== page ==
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A glimpse back stage at London's theatres in 2015

Review: The hilarious and inventive A Midsummer Night's Dream, Lyric Hammersmith

Jonathan Broadbent as Oberon in A Midsummer Night's Dream. Photo by Tristram Kenton
Jonathan Broadbent as Oberon in A Midsummer Night's Dream. Photo by Tristram Kenton

From the moment Peter Quince (Ed Gaughan) steps out from behind the curtain and says 'you'll have a great evening but it probably won't be this one' you know this isn't going to be A Midsummer's Night's Dream like you've seen it before.

Filter Theatre has added its own play within the play (within the play - "it's meta"), Peter Quince and the mechanicals are re-imagined as a house band but with Bottom otherwise occupied, a replacement has to be found. 

The key scenes of Shakespeare's story of love, jealousy and fairies are extracted and performed with disregard to the fourth wall, without any pretence that it is real and with a liberal sprinkling of popular references and ad-libbing.

Oberon (Jonathan Broadbent) is a Lycra-clad, asthmatic superhero or supervillain depending on his mood. He doesn't hide his in-vain attempts to fly although he does come up with one rather amusing solution.

Puck (Ferdy Roberts) is dressed as a Lyric Theatre handyman with a tool belt in which he also keeps equipment for sound effects. He likes nothing better than an excuse to take the weight off and swig from a can of Fosters.

When the objects of the four lovers affections get confused by Oberon's scheming and Puck's mistakes the wooing takes on a comically seductive tone; Demetrius (Hammed Animashaun) sings to Helena (Clare Dunne) soul-style complete with hip-thrusting dance moves.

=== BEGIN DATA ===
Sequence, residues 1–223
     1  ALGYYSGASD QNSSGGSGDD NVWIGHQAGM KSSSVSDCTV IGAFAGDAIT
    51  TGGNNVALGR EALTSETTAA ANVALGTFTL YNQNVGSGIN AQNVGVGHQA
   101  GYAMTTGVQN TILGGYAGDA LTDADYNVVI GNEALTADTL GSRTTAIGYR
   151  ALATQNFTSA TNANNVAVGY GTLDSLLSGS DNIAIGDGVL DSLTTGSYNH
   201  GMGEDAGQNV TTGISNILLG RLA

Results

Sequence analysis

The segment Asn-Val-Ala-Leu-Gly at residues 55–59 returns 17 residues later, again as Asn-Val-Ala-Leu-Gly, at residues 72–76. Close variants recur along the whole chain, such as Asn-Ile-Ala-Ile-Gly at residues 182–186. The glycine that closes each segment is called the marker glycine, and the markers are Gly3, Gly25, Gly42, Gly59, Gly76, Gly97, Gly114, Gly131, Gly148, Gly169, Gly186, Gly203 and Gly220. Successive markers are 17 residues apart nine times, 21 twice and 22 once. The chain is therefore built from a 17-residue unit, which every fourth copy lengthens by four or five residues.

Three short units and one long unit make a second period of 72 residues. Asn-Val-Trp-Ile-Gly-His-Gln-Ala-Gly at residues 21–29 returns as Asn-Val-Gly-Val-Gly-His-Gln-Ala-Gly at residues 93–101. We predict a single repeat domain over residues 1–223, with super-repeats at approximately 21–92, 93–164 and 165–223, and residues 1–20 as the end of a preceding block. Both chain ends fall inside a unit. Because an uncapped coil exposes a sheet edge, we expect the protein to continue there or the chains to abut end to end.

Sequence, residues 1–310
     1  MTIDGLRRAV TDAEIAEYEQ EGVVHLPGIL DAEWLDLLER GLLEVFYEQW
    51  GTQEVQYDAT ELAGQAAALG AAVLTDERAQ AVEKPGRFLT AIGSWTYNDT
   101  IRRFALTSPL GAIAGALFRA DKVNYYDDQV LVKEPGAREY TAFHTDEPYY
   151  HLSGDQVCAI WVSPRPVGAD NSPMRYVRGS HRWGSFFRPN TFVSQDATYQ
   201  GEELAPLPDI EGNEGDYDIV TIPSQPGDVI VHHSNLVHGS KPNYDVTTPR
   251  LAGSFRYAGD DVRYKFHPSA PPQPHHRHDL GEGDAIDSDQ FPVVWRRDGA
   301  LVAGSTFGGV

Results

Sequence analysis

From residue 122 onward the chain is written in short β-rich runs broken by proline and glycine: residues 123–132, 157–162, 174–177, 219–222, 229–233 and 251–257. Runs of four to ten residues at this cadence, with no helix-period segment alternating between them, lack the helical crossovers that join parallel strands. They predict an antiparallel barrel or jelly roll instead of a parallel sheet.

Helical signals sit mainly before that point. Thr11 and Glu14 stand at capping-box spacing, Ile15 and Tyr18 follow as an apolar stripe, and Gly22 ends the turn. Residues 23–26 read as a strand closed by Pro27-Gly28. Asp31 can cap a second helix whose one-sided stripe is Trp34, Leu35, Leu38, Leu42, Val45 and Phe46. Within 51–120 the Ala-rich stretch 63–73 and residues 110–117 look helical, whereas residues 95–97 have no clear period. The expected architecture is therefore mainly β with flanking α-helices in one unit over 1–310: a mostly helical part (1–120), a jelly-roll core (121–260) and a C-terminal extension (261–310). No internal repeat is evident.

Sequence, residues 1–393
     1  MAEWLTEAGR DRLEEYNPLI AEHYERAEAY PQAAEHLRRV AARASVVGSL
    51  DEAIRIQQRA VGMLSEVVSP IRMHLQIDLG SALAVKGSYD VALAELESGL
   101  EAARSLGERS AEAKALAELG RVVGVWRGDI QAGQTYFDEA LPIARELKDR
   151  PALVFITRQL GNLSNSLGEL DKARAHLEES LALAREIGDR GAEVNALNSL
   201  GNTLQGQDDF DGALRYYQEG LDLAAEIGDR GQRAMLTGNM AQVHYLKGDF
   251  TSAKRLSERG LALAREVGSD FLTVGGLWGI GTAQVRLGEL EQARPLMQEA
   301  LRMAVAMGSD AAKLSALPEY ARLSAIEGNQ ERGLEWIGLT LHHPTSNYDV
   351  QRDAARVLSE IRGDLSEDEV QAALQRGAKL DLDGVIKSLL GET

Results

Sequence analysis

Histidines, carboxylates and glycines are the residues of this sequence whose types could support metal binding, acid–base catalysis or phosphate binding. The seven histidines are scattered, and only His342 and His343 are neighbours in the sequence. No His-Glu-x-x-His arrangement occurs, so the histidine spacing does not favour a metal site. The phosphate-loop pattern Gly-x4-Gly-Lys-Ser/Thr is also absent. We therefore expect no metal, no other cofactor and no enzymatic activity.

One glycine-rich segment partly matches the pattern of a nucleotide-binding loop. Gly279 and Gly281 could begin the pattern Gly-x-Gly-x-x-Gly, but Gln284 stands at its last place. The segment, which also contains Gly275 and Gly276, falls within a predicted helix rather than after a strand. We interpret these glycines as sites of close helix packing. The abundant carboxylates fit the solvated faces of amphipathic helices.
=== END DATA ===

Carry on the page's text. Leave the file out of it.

And when the male love rivals fight it is done brilliantly in the style of an old computer game Oberon and Puck on the sidelines sitting in camping chairs eating sandwiches and drinking beer as if enjoying a sporting event. When the women join in food becomes the weapon and no one is left out of the fight.

This is a production of high energy, barely-contained chaos, slap-stick and mess and it is peppered with jewels of comic and inventive moments. The genius is that some of these moments you can't imagine not being included in Shakespeare's productions - Bottom checking to see if he's hung like a donkey, for example - while others are purely contemporary additions.

Purists will probably bristle but for everyone else - from teens upwards -  it is just great fun and very, very funny, in fact, I can't remember the last time I laughed quite that hard and quite that consistently in the theatre. Go and see it and take (older) kids. It is officially an hour and 45 minutes  - although that inevitably changes depending on how much ad-libbing the cast do - a 'that isn't helping madam' was directed at me for laughing in anticipation of a punchline.

It is on at the Lyric Hammersmith until March 19 and I'm giving it five stars.